Motorcycles Bring People Together

You can meet the nicest people on two wheels

Here’s a test: Can you remember the names of your grammar school and high school teachers? I’ll bet you can. I can, even as I continue to lose brain cells by the billions. For instance, I remember my kindergarten teacher, Miss Stein. Now she was hot, and I mean hot! This is really saying something, because my standards for beauty, love and total infatuation were a lot more stringent when I was five than they are now, at the desperate age of 52.

What’s behind that? No, not my plummeting standards, but rather the strength and longevity of the bonds we form with people? Perhaps it’s because we are social animals. Now admittedly, some of us run a little closer to the animal than the social side of the equation, but still, we all gravitate toward people.

Motorcycling family and friends
Here are a few friends I came to meet on two wheels: Steve, Neil, and Terry.Photography by John Weinstein

So what’s the link to motorcycles? Quite simply, bikes are social machines; they not only identify our passion, they bring us into contact with others who share a similar interest, thereby opening the way to memorable experiences. In this way, motorcycles are completely unlike automobiles. You can look at a driver in his car but not know anything about him. When you spot a motorcyclist, however, you know that rider has at least one interest in common with you: an appreciation of two-wheeled transportation. That can be a strong foundation for friendship.

Motorcycling family and friends
Sonda and Ken Carwile.Photography by John Weinstein

Serendipity is one of the things I enjoy most about motorcycles. You never know who is going to pull up next to you at a gas station or a McDonald's, or who will stop to offer assistance if you're stopped along the side of the road. The rider may be on a sport bike, a cruiser, a chopper, a tupperware-encased mega-touring bike or a crusty old UJM, or he may be running a hack. In any event, you know that you'll have at least one thing in common and that it'll be enough to sustain a pleasant conversation about roads, destinations, eateries, mechanical issues, memories, etc. If you're lucky, this connection may turn into a lifelong friendship.

Motorcycling family and friends
Tom Perea.Photography by John Weinstein

On a recent ride around the U.S., I met scores of terrific people. Take a trio of sportbike riders I met while swilling water to combat the 110-degree heat at a Tuba City, Arizona, gas station. I was on my way to the Grand Canyon and had just traversed about 150 miles of dusty roads through the Navajo and Hopi Indian reservations. These guys, on their Suzuki, Aprilia and Kawasaki sportbikes were returning to Phoenix from some serious mountain riding in Colorado. The casual passerby might not think we had much in common. We rode opposite styles of motorcycles, and I was twice their age. Still, we chatted for well over an hour, and they gave me some great information about the Grand Canyon, unsafe areas to avoid, and must-see sights in the Flagstaff area.

Motorcycling family and friends
Berit "Bear" Neilsen.Photography by John Weinstein

Then there was the tattoo artist from the Seattle area who was returning home from a vacation in California. She was riding an old ’74 Harley ironhead that she had wrecked and rebuilt a couple of times. She was covered with tattoos and piercings, not to mention a fair amount of grease under the fingernails of her gloveless hands. My only skin coloring was the blistering two-tone remnant of a nasty sunburn I got in the Florida Keys. I was in leather and a full-face helmet. She was in a tank top and wore a turtle helmet that was unlikely to provide even a modicum of protection. I live in a town house; she lives in a tree house (really). Again, we were people from different walks of life; but we were both riders. She gave me a great tour of Seattle while we sat in stalled traffic on Interstate 5 and then helped me find a BMW dealer in an out-of-the-way location to replace a front tire.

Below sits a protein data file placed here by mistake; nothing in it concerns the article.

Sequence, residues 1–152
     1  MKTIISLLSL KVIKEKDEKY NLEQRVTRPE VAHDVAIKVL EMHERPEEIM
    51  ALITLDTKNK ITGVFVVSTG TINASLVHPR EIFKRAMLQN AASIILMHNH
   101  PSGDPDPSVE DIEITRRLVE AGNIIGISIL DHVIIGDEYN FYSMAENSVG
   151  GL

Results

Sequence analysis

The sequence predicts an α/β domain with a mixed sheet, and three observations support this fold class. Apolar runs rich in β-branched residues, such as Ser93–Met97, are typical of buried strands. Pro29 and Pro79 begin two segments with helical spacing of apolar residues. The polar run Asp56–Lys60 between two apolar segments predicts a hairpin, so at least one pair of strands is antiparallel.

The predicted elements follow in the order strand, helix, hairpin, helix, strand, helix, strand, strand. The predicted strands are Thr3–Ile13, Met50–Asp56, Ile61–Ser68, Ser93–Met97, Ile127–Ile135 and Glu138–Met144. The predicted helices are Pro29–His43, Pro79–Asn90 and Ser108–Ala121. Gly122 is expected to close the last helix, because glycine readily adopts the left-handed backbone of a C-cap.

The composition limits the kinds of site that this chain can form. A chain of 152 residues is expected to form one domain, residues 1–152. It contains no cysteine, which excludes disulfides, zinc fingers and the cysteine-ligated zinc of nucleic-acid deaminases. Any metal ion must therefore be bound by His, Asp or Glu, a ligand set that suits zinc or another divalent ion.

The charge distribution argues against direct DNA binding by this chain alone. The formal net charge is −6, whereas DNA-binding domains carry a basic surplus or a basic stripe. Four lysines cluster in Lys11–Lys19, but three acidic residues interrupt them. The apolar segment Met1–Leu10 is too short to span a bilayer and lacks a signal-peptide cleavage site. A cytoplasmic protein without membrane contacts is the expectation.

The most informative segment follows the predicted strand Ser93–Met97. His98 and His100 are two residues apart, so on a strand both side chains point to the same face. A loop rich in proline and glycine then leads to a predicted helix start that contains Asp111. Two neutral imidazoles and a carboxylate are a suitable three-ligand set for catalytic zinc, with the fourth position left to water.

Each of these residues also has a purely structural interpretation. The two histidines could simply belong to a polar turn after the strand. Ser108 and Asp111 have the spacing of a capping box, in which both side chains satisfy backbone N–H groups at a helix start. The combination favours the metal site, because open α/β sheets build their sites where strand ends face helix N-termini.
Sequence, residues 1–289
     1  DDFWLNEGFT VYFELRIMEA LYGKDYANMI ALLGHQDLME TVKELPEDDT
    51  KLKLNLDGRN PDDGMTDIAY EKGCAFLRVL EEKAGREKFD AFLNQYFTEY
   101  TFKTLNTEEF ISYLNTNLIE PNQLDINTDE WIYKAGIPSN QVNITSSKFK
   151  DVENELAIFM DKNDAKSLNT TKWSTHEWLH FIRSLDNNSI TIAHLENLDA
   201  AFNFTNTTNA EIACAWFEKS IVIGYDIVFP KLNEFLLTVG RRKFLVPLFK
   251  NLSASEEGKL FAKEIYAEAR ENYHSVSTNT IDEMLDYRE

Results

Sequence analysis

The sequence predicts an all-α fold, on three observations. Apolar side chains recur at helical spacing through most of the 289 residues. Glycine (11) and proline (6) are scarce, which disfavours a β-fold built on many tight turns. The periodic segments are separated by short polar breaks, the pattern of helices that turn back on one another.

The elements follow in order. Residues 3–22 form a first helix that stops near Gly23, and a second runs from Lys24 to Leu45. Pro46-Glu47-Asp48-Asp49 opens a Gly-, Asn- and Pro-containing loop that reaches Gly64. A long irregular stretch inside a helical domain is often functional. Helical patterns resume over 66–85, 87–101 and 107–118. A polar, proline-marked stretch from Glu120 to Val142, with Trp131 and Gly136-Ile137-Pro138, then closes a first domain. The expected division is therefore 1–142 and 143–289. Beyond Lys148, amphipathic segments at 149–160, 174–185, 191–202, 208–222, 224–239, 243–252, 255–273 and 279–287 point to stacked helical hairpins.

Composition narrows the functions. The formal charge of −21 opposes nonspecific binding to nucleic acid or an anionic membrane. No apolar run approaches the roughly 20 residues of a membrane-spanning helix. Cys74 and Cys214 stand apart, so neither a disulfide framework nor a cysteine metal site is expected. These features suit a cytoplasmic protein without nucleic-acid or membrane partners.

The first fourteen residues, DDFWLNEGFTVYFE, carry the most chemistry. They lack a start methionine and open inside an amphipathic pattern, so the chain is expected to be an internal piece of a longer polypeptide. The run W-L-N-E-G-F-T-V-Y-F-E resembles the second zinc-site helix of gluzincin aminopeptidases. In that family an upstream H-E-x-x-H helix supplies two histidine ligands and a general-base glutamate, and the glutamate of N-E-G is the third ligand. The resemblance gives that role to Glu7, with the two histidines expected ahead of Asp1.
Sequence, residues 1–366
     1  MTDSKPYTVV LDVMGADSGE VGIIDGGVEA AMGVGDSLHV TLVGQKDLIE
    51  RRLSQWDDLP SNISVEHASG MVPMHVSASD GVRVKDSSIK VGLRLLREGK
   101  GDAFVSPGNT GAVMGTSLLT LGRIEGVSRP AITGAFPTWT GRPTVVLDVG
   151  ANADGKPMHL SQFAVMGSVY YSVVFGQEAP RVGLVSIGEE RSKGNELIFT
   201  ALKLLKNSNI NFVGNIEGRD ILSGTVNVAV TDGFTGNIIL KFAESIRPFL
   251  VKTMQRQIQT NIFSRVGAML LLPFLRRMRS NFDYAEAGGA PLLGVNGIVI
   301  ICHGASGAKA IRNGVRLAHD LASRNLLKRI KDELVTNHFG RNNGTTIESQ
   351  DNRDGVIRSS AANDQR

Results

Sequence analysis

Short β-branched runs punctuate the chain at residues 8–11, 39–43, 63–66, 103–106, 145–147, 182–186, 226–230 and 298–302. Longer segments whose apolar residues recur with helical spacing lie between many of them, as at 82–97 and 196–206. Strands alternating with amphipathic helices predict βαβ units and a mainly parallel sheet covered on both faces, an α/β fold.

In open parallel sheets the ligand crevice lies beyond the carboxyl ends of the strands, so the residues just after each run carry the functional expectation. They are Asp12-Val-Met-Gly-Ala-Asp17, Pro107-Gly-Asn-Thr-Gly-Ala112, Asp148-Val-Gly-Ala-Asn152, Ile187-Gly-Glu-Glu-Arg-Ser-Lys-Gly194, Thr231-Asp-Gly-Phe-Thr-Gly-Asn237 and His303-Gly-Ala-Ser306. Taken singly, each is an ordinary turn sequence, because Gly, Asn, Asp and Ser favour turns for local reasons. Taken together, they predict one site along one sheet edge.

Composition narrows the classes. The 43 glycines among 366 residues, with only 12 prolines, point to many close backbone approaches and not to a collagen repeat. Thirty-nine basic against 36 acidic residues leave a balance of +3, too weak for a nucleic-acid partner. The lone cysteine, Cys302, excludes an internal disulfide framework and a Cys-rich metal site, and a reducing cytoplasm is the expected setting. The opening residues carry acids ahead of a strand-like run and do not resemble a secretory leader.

Motorcycling family and friends
Jim Tennessen.Photography by John Weinstein

I bumped into a hippie couple on a cold Sunday morning in a gas station high in Washington’s Cascades Mountains. They were flogging an old ’64 Panhead back home from a rock concert in Bellingham. We had a nice chat, and they told me where to take the best photographs of the Cascades. I ran into them with a flat tire about 30 miles down the road near the Diablo Lake overlook. I spent a few hours on the side of the road with them, trying to get them on their way. Scores of riders stopped during this time to offer help. It was gratifying, and I met lots of other nice folks.

Motorcycling family and friends
Jerry Goff.Photography by John Weinstein

I met a senior executive with the Cray Computer Company at a motel in the “suburbs” of Glasgow, Montana. He had ridden through Glacier National Park the same day I had and was heading home to central Wisconsin. We rode about 300 miles together through eastern Montana and North Dakota until I headed north to visit a friend at Minot Air Force Base. As luck would have it, he and I had a lot in common: We rode BMWs, and we were the same age, both brilliant and erudite, and both shy with retiring egos. We got along famously and are planning to ride together again.

Motorcycles are more than a stimulating means of transportation. They are magic carpets. They carry us to new friends and adventures. It’s as I’ve always said, to coin and chop a phrase, “You meet the nicest people on a HonPriliaYamaKawaDaviZuki-MW.”

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